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Wind ordinance blows down in Rumford  

Credit:  By Eileen Adams, Staff Writer, Sun Journal, www.sunjournal.com 2 November 2010 ~~

RUMFORD – A proposed wind energy ordinance widely believed to essentially ban such development, went down to defeat by an unofficial vote of 1,033 to 1,328.

First Wind LLC, Boston, Mass., has proposed construction of up to 12 turbines at a cost of about $60 million on Black Mountain, and adjacent North and South Twin mountains.

Town Manager Carlo Puiia said he believed the majority of people were concerned that the ordinance was too restrictive, and that the ballot question may have been confusing to some.

“My concern from the beginning was regulation, to regulate but not to prohibit,” he said.

He said he and the board will have to formulate a process that would address any wind development.

He said the Wind Committee’s job was done when they passed in the proposed ordinance. The current moratorium expires at the end of this month, as well.

“The selectmen will look to the Planning Board and to Androscoggin Valley Council of Governments for some guidance,” he said.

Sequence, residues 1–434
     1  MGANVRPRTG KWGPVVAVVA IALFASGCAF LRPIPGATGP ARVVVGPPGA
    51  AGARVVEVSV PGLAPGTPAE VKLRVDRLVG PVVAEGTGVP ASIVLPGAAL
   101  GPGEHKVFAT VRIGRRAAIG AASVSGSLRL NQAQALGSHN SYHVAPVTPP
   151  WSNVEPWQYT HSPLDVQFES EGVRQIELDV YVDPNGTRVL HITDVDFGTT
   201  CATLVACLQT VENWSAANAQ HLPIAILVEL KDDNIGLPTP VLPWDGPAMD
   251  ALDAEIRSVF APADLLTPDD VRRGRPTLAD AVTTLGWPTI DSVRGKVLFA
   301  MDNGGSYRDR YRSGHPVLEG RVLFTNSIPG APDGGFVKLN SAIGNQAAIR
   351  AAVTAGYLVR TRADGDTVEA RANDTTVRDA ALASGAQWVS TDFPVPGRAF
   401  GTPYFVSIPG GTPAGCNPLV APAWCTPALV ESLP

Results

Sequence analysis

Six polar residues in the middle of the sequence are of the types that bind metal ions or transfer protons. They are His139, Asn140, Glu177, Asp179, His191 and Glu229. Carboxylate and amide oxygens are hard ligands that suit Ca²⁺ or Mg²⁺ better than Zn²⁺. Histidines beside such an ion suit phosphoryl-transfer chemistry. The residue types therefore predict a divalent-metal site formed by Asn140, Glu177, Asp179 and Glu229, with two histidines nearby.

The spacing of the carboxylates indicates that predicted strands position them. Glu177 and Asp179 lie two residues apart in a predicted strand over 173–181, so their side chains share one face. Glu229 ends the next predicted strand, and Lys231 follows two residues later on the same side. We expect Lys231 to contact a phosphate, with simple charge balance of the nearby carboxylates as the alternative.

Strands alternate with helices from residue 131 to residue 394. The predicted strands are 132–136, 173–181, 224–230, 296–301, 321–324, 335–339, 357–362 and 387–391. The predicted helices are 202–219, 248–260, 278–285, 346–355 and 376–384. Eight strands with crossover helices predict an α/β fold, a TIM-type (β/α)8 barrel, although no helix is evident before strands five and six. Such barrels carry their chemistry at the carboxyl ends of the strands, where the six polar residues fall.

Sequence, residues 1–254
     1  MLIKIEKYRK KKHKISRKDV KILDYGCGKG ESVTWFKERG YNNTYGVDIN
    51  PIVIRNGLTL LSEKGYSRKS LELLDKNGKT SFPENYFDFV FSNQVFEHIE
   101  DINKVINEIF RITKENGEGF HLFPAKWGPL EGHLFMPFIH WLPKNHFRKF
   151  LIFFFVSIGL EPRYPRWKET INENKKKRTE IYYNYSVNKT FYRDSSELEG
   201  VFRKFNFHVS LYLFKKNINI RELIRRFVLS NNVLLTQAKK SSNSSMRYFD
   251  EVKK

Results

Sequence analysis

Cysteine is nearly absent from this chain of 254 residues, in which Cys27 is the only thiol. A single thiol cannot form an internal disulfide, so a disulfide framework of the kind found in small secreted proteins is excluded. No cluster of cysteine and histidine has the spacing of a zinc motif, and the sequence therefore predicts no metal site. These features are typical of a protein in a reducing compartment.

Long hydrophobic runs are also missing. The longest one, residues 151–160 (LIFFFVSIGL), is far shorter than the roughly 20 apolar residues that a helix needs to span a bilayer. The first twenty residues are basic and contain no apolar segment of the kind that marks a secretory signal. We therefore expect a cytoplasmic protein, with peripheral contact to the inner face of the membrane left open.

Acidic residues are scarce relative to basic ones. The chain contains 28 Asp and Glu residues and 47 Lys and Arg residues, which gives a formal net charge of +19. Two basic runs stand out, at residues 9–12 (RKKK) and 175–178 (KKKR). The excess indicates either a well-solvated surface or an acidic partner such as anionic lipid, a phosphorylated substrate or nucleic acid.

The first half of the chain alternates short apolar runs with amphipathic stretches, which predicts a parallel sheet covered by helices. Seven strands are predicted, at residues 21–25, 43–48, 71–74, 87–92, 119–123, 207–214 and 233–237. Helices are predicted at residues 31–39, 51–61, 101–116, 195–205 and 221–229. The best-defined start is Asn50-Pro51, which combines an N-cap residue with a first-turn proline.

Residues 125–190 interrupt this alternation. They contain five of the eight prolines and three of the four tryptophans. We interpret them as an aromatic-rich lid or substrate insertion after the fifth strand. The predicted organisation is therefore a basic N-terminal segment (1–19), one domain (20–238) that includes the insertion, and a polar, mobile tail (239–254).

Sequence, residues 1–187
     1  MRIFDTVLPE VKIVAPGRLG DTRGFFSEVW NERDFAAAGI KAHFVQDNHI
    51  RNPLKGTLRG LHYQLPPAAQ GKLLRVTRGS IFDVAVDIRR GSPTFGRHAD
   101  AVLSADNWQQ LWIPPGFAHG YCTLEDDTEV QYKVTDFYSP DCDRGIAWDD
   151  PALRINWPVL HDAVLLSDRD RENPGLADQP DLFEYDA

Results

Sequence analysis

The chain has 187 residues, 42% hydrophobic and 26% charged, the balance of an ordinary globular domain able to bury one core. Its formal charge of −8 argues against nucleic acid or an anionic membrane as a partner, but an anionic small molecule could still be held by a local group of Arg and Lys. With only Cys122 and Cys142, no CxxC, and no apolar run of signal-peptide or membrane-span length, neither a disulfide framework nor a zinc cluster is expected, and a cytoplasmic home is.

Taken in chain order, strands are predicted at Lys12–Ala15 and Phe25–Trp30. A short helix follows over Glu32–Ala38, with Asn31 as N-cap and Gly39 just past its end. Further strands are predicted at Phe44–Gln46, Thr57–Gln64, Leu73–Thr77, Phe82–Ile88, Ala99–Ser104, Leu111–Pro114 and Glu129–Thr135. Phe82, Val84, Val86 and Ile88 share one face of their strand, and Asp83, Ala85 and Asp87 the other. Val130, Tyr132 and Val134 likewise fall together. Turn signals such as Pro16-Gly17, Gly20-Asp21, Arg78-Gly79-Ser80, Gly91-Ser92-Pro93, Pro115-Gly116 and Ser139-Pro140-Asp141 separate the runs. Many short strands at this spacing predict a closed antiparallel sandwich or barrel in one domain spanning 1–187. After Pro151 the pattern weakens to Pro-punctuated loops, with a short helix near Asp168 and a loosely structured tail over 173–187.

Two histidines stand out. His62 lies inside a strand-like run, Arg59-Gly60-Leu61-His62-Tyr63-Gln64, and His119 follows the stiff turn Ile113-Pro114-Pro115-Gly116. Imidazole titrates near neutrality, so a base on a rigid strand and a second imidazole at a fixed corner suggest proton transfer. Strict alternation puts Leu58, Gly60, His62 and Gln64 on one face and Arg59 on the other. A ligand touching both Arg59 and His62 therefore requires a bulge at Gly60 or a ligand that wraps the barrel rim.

Wind Committee members may also participate.

Selectmen meet Thursday.

Len Greaney, a member of the committee that developed the ordinance, said he was not surprised at the results of the vote.

“A lot of people live farther away and believe (the development) will help us a little financially,” Greaney said.

This is the second time Rumford voters have shown interest in wind development. Two years ago, the town voted 751-364 in favor of wind projects.

“We are grateful the residents of Rumford were willing to keep the conversation going in regards to wind development in town,” said Neil Kiely of First Wind in a news release. “We are hopeful the Select Board will work toward crafting a new ordinance and we look forward to cooperating with the Select Board as the process moves forward.”

First Wind has no other local projects in the offing, but does operate three in Mars Hill and Stetson, is constructing one in Lincoln, and is in the later stages of development in the town of Oakfield.

Source:  By Eileen Adams, Staff Writer, Sun Journal, www.sunjournal.com 2 November 2010

This article is the work of the source indicated. Any opinions expressed in it are not necessarily those of National Wind Watch.

The copyright of this article resides with the author or publisher indicated. As part of its noncommercial effort to present the environmental, social, scientific, and economic issues of large-scale wind power development to a global audience seeking such information, National Wind Watch endeavors to observe “fair use” as provided for in section 107 of U.S. Copyright Law and similar “fair dealing” provisions of the copyright laws of other nations. Send requests to excerpt, general inquiries, and comments via e-mail.

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